The point I am trying to make is that we all suffer. In addition to death, sex, and taxes, suffering is common to us all.

The fact that we all suffer connects us to one another. Suffering is part of that which makes us human. 

To dilute our suffering in our songs or paintings is like lying to the priest during a confessional. Why bother going to confession if you’re going to lie?

Obviously my friend was worried what others might think if he was honest about what he calls ‘absurd suffering’.

As artists, it is of the utmost important to be truth tellers. In spire of what others might think.

To my long ago friend, if you’re reading this, I challenge you to write a song that connects to ‘you’ and reveals the core of your absurd suffering. And when you do this you will experience and understand the true reason you are song writing.

It’s not about what others think, rather it’s about what you think.

And when you get as truthful as possible in your song writing, your real friends and fans will emerge. And THAT is what you want.

In the real world, or work-a-day world that we live in, we need to develop a persona to survive.

In the world of the artist, we need to drop our personas and simply be ourselves. Because our songs and paintings don’t need personas. So don’t give them one.


Ps. As the great gospel singer Mavis Staples said, what comes from the heart reaches the heart.

Different Strokes for Different Folks

photo (5)Returning from participating in Toronto’s Artist Project Art Fair I’ve had time to think about the whole experience.

Now living in rural Nova Scotia my nervous system is no longer set up for fast paced city life. Even after being a veteran of NYC for 16 years. It was fascinating to be part of this Art Fair in downtown Toronto. Having had a bustling hat business in NYC, returning to a marketplace with a different product (my paintings) was a bit of a deja vu. Only this time I was way more invested in my product.

The feedback I got was priceless. Having been for most of my painting life a figurative painter, I had entered, for me, a new realm while living in Nova Scotia ‘The Landscape’. What I found at this Art Fair is that what  most people were really connecting to was my figurative work. Yes, many liked the landscapes. But it was the figurative work they were really dialoguing with. While intending to re-enter figurative painting for a long time, I took this as a thumbs up.

Returning home to my students wanting to know what had happened – I had to explain what goes on in a marketplace. The different levels of quality of work at this show which seemed for some of my students like opening a can of worms or even worse – informing them that there really isn’t a Santa Claus.

I had to explain to them that there is commercial art and fine art and there usually is a clear distinction between the two. The commercial being derivative of the trend of the moment and the fine art being a reflection of one’s inner life. And yes, sometimes it is a bit blurry between the two. But usually there is a distinction.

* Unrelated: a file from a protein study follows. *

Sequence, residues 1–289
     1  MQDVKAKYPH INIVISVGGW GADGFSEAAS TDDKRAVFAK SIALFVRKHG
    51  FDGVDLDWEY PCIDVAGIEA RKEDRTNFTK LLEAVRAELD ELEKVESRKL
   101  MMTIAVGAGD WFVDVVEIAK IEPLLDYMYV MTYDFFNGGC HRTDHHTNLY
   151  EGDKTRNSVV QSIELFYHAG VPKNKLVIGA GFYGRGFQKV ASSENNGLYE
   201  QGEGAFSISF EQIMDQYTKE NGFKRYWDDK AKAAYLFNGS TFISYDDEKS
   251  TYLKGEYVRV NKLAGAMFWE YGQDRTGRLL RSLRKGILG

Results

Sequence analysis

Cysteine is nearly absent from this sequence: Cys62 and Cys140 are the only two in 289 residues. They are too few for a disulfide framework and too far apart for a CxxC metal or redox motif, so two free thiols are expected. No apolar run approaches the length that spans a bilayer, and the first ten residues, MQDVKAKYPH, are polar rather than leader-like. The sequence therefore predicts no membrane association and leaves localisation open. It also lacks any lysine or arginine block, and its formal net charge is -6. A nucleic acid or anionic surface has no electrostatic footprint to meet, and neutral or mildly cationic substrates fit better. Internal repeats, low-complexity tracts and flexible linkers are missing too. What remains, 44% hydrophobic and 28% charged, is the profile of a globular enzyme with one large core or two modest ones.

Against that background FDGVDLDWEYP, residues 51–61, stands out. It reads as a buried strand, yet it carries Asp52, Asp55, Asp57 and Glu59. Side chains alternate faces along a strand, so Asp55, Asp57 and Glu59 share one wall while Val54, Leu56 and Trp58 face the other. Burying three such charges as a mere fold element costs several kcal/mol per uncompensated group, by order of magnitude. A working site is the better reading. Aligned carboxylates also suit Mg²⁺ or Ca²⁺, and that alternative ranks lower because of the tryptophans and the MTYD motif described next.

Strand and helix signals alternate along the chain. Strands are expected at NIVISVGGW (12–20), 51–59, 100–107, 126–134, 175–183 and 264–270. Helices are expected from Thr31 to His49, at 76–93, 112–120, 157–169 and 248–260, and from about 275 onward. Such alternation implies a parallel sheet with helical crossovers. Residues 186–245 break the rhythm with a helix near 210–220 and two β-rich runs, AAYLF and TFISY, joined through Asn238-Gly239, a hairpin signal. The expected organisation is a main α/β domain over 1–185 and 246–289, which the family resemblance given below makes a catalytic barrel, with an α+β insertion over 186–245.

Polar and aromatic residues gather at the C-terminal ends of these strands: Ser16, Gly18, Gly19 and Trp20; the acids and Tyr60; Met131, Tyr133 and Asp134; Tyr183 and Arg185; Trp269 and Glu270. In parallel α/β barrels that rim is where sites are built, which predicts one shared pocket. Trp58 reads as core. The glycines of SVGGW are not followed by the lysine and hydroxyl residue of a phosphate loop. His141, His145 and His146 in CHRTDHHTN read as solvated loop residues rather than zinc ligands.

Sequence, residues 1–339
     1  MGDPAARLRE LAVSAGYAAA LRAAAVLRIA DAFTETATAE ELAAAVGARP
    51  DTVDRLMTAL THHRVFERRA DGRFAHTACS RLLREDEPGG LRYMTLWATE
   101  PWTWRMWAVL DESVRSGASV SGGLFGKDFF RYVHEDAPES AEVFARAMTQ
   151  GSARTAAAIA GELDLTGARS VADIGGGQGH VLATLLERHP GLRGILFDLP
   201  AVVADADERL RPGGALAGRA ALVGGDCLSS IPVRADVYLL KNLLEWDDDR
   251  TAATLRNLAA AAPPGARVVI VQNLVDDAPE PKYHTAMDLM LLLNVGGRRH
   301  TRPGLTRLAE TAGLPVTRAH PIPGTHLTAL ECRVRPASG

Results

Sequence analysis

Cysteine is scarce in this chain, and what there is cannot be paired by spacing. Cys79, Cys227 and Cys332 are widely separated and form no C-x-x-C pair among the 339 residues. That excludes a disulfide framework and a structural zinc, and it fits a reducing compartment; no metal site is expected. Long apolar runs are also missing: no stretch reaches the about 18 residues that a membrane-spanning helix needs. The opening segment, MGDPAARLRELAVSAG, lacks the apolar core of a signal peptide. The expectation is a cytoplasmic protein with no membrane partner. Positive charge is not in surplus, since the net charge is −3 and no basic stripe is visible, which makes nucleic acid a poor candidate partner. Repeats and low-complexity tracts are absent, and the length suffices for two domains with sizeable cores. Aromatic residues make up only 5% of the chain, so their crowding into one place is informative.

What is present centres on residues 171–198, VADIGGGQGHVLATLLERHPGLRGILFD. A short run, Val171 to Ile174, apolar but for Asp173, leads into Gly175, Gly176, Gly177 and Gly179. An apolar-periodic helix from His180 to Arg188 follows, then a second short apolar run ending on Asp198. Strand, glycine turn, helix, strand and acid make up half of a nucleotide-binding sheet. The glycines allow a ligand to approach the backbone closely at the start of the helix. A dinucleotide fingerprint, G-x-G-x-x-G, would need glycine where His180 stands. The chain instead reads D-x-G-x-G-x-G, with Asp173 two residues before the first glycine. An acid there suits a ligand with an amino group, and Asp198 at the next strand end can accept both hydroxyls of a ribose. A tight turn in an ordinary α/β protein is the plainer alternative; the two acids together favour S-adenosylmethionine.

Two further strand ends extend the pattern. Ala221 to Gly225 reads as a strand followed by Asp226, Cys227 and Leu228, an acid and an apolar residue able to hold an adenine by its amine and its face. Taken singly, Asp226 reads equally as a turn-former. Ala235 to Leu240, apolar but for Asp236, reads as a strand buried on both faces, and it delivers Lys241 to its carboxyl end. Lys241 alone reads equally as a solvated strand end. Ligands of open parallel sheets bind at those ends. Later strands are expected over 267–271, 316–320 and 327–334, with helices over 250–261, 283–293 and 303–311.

Andy Warhol capitalized on the whole art market commercialization and used the commercial aspects of the market to drive his work. Interesting. Informing my students that there are different qualities of painting and comparing Beethoven to pop elevator music to drive home my point, one student blurted out ‘Yes, but we need elevator music!’ To which I thought ‘Well, yes, I guess not everyone likes Beethoven. But isn’t that why we go to school to learn? To develop our taste and knowledge so that we can appreciate the better stuff, so that we can appreciate Beethoven?’

If I was a gourmet cooking teacher I think my hope for my students would be to cook up the best dishes they possibly could with the knowledge I gave them as cooking is really an art. If my students cooked up a better hamburger than McDonalds because of potential financial profit I guess I would be happy for them if this made them truly happy.

But to tell you the truth this wasn’t my initial intention for passing on knowledge. Not so that my students can make the great commercial hamburger. I’m passing the knowledge on so that they can hopefully invent and create the most flavourful dishes ever. And if setting high standards means that you’re a snob, then I aspire to being a snob.


NEW Painting workshops in Toronto
Please contact if interested
Dates and location are to be arranged in October 2015

Ongoing Painting Classes in Halifax
Register NOW for Spring Classes

Every Sunday 1-4pm
989 Young Avenue
The Woman’s Council Building

New and returning students welcome!
Class is available for Beginning to Advanced Levels

Package of 8 Classes: $280.00

To register contact Lynda at: